Corporate America, You’re Still Miles Away from Doing Right by New Moms
The odds are still against women trying to balance work life and mommy life. I am not a mother, but I know many…some I have managed, some managed me, my sister-in-law is a working mom and so are plenty of my friends. I salute them and the challenges they face daily.
I recently took on a coaching client who was pregnant at the time and now a new mom. She and I spoke endlessly about how she felt ostracized at work and how she felt like she might not have a job when she goes back. She is scared for her future and concerned if she will be able to care for her baby the way she wants while going back to work and handling a job that already required way too much time from her. Sad. These issues still exist.
Now that I have not been working in Corporate America [so to speak] for nearly 9 months, it affords me the chance to look back and reflect on how far Companies have come to make work life balance a thing for parents. Truth is; it is far too little really. I’ve seen too many women struggle with the pressure of work while balancing being a mom. Many of them having to switch jobs or careers after having a baby.
As a manager, I’ve had women scared to tell me they were pregnant or asked to hide their pregnancy from other senior leaders until they could figure out “mom stuff.” Of course, I respected them, but it made me angry that such a happy moment had to have so much negativity around it.
As a manager, I remember not one, but many women coming back from mat leave, and crying in my office for hours because they just could not perform the job at the level they used to. It was sad how worried they were about being fired. I’d always tell them enjoy your baby, be a mom and do the best you can, which was far more than the average employee anyway.
As a manager, I had to ask a new mom who was breast feeding to take down the decorative wallpaper she put up on her glass office doors because HR said it was against “policy.” I thought it was despicable. She was simply trying to make things easier for herself in that she could sit on conference calls in her office, at her desk comfortably with her computer. I thought that seemed reasonable, but the Company wanted her to schlep her stuff to a dusty closet on another floor.
Once, I had a manager whom I asked what her kids were going to be for Halloween, she laughed and told me, that’s the Nanny’s job. I felt sad for her, but I am not sure she cared. I’ve told that story to other moms and they were mortified, but as I think about it, my manager was focused on her career and if she did not delegate that, she would not be where she is today. Will she ever get those Halloweens back? Of course not, but will she care about that when time has run out? I think so. However, I don’t blame her for delegating that responsibility. I blame Corporate American for making it impossible for her to be an engaged mom and successful executive.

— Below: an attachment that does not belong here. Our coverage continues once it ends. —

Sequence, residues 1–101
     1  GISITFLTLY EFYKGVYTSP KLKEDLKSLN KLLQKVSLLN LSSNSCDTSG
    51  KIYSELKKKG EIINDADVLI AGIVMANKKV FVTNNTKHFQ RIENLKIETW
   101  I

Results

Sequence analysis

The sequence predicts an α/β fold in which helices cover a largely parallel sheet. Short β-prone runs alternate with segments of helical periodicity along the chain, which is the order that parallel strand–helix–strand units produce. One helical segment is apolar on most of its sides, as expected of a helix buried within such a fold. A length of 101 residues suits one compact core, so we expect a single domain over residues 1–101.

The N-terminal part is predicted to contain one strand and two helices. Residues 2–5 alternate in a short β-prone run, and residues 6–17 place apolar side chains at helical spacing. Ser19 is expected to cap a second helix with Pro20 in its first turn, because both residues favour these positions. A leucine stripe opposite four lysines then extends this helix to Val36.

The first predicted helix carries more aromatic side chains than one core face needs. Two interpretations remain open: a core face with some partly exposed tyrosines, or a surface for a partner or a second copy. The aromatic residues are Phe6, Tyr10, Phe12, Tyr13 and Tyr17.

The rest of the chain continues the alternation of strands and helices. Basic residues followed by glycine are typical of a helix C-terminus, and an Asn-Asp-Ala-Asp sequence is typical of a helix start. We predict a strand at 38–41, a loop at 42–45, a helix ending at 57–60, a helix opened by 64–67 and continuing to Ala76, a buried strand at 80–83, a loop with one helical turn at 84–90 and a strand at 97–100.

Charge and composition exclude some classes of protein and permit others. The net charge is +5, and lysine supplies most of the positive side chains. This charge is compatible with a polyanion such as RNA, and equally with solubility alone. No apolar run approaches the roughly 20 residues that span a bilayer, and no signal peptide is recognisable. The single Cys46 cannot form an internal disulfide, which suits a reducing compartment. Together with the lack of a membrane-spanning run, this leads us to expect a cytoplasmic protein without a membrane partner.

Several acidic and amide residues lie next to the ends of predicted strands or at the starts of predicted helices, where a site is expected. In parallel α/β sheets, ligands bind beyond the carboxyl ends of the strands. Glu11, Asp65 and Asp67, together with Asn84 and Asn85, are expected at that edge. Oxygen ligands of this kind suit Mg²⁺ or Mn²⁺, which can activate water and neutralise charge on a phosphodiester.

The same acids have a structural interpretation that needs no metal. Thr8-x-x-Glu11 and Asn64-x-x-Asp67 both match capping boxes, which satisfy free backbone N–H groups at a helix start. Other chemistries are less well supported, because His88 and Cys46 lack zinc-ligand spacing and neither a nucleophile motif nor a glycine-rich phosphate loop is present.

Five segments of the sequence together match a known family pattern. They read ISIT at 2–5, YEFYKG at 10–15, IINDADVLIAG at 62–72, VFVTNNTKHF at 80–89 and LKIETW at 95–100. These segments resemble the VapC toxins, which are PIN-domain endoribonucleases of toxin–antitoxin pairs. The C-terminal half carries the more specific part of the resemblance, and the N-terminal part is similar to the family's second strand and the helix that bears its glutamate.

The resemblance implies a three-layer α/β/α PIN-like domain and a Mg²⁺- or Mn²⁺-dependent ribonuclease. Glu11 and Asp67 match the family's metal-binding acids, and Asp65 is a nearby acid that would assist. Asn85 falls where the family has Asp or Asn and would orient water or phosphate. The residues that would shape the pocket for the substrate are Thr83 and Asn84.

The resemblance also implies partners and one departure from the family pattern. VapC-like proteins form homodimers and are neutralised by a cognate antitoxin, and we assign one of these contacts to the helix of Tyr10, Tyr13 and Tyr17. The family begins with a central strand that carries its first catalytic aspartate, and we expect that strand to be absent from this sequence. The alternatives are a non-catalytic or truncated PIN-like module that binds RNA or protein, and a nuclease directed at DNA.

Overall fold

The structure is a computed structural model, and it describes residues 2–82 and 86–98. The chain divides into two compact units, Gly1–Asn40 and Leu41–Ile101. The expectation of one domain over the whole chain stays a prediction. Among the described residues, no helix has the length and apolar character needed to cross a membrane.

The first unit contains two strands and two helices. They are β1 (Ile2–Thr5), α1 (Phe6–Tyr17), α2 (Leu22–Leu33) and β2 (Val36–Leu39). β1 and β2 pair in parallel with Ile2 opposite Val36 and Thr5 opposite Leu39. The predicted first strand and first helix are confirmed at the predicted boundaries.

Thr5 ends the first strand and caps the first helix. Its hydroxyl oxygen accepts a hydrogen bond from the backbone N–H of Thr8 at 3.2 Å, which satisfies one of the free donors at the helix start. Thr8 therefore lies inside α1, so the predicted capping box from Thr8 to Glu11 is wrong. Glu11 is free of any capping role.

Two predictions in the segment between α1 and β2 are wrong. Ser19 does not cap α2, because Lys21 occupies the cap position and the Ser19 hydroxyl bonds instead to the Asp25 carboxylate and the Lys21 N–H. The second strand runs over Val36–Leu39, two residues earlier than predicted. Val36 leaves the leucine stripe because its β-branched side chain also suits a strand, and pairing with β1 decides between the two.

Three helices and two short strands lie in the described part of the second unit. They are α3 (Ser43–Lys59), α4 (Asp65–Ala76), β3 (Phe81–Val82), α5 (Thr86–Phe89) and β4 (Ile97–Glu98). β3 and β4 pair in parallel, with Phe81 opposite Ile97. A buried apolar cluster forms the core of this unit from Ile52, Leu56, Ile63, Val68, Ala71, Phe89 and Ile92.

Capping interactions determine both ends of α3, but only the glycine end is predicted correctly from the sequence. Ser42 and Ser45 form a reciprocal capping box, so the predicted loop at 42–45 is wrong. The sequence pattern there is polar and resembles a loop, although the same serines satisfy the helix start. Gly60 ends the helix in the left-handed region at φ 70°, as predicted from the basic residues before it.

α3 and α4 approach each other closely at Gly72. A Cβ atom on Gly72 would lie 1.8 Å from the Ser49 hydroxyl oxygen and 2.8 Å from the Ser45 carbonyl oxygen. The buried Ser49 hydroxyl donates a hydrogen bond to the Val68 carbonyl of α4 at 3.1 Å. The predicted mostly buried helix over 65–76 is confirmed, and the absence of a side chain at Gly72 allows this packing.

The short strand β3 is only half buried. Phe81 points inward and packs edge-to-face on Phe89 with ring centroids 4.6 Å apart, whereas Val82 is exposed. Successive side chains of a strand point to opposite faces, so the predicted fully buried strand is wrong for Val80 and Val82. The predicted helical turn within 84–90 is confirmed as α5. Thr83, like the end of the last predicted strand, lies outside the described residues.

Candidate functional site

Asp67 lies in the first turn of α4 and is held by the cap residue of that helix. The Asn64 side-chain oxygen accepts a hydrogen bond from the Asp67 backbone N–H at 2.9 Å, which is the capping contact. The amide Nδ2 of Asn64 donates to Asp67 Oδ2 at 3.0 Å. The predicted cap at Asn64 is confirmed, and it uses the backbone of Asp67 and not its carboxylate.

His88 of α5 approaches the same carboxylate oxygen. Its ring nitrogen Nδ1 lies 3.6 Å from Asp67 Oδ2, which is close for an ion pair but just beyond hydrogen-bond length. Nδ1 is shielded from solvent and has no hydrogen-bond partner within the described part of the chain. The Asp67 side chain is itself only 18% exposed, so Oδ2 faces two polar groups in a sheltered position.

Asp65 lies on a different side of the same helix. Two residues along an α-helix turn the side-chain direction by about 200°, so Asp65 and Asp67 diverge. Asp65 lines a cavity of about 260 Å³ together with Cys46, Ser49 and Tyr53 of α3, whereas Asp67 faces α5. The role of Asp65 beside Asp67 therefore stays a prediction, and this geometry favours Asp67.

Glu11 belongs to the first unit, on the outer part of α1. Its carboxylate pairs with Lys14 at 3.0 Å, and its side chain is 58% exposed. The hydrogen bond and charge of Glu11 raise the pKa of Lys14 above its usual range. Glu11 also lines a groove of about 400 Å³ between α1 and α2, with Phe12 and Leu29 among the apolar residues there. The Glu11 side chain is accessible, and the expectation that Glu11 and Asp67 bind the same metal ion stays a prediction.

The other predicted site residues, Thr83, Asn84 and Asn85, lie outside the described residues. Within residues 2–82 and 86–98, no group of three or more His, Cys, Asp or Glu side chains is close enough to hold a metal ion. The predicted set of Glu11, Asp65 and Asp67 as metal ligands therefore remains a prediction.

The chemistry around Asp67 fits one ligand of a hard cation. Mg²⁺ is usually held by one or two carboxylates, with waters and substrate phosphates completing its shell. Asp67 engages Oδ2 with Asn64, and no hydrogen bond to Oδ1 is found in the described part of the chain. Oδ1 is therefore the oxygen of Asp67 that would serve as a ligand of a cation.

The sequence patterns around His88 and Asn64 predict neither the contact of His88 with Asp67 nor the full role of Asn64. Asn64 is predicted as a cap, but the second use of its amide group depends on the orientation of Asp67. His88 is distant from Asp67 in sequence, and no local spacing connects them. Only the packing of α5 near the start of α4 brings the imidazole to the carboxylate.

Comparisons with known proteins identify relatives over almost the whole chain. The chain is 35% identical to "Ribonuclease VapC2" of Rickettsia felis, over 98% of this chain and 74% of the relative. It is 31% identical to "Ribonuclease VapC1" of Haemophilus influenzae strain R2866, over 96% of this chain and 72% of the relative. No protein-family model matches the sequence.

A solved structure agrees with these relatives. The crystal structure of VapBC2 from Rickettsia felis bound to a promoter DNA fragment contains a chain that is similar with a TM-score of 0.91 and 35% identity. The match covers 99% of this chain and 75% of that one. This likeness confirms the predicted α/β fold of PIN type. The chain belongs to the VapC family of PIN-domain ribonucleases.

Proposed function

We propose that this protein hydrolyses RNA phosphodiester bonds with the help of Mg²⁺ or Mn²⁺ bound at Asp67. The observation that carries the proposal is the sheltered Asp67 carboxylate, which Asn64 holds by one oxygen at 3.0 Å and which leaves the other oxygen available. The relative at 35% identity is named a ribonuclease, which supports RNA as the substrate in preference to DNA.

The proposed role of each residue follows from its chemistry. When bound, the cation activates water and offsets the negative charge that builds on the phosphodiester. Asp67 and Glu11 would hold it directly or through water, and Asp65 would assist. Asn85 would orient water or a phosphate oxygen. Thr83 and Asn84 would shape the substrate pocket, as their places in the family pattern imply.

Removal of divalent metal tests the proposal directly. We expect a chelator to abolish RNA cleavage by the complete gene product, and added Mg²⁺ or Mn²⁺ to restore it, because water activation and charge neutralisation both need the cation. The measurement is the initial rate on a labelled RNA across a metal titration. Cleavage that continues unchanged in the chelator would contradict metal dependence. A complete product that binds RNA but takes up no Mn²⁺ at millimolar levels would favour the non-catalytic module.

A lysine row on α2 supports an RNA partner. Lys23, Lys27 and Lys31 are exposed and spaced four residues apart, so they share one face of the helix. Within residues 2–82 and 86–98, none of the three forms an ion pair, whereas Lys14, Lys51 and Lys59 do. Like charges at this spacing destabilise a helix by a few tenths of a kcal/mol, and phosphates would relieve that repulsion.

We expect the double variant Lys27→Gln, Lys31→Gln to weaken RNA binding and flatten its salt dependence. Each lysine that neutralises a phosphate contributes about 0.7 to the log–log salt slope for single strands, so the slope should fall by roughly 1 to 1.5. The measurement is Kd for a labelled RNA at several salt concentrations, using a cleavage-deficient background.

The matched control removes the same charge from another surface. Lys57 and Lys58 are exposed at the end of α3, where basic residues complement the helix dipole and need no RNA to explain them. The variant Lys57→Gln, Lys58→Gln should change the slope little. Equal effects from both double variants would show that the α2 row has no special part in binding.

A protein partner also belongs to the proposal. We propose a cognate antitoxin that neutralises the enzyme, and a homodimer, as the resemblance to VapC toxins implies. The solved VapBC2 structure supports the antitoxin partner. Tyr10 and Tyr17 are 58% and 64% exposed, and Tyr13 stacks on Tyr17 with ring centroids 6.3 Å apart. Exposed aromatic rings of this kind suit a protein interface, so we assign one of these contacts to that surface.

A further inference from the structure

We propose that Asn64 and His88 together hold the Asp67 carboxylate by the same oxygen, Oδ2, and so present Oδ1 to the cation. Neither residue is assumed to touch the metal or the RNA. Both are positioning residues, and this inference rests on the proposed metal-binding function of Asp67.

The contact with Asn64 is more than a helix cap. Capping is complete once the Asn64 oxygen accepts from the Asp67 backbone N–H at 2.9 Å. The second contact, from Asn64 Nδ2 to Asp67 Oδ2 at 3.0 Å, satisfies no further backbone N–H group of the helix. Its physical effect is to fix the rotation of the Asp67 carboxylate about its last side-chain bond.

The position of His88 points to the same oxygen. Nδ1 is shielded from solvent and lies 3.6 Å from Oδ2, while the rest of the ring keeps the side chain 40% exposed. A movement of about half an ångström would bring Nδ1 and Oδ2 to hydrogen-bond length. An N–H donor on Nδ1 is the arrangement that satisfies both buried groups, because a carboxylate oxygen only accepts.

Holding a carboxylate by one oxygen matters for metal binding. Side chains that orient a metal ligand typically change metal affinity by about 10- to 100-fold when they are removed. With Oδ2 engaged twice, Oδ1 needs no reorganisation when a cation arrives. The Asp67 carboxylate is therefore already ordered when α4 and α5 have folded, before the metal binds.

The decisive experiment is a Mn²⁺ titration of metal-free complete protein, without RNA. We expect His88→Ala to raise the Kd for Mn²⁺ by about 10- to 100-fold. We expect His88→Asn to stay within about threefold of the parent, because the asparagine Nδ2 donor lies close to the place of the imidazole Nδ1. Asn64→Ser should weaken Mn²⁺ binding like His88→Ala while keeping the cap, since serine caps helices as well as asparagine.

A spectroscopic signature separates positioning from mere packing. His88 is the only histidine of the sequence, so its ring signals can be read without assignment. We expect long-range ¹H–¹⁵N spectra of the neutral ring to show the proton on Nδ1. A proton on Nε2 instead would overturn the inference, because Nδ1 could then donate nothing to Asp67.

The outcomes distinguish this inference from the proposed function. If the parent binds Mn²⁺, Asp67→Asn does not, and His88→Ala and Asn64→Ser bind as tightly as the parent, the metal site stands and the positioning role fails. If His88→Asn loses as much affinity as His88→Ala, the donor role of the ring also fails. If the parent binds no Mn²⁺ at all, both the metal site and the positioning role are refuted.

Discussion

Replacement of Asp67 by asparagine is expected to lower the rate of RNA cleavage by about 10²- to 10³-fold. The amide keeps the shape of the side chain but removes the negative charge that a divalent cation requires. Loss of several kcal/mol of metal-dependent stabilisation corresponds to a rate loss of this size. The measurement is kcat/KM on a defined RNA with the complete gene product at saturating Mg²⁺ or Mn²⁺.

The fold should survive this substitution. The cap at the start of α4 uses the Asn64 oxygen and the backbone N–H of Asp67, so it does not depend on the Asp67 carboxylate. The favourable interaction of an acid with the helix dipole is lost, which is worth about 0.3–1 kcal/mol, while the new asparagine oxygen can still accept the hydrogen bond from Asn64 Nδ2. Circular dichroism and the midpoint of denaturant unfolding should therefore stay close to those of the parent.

As much as Corporate America would like you to believe they support working mothers, they are not doing enough. I am rallying to support all working mothers because it bothers me how women are not given the time off they need to care for their children, or offered flexible schedules, or given the respect when it comes to having to deal with the adjustment of balancing work with being a parent (especially for the first time).
Recently, I had breakfast with someone I used to work with a few agencies ago. Like me, she was a rising star at the agency. However, she went off to have children, while I stayed back and did not. Things changed drastically for her. It was unreal to see the different ways we were then treated at the Company. I continued to rise because I had no “baggage” [as I heard the agency call it], and she stayed steady in her career; not advancing as fast due to her new situation. I truly believe if Corporate American did not put the Scarlet Letter P (pregnancy) on her or others like her, she and other women would continue to excel in their careers even if they choose to be a mom too.
It’s just not fair and I want every working mother to know; even though I never had kids, I know the hardships you face. As an employee and a member of many executive leadership teams, I saw too much bad and not enough good. There needs to be more good.
Moms, I think you are smart and brave and I wish for the daughters you are having that one day they will not face what you do and will feel good about becoming a mom and not have to keep it a secret from the President of the Company, a client or others because it comes with a stigma.
This is one of the reasons I decided as a Health Coach to help new moms. I want to help them overcome the tensions, and find the balance of being a mom and how they can be great at their jobs too. Both are within reach, but it is not an easy road to travel. I am in the driver’s seat navigating that rough terrain for my clients today and those in the future.
Do you have a story to share? Comment below. I’d love to hear your thoughts on this topic.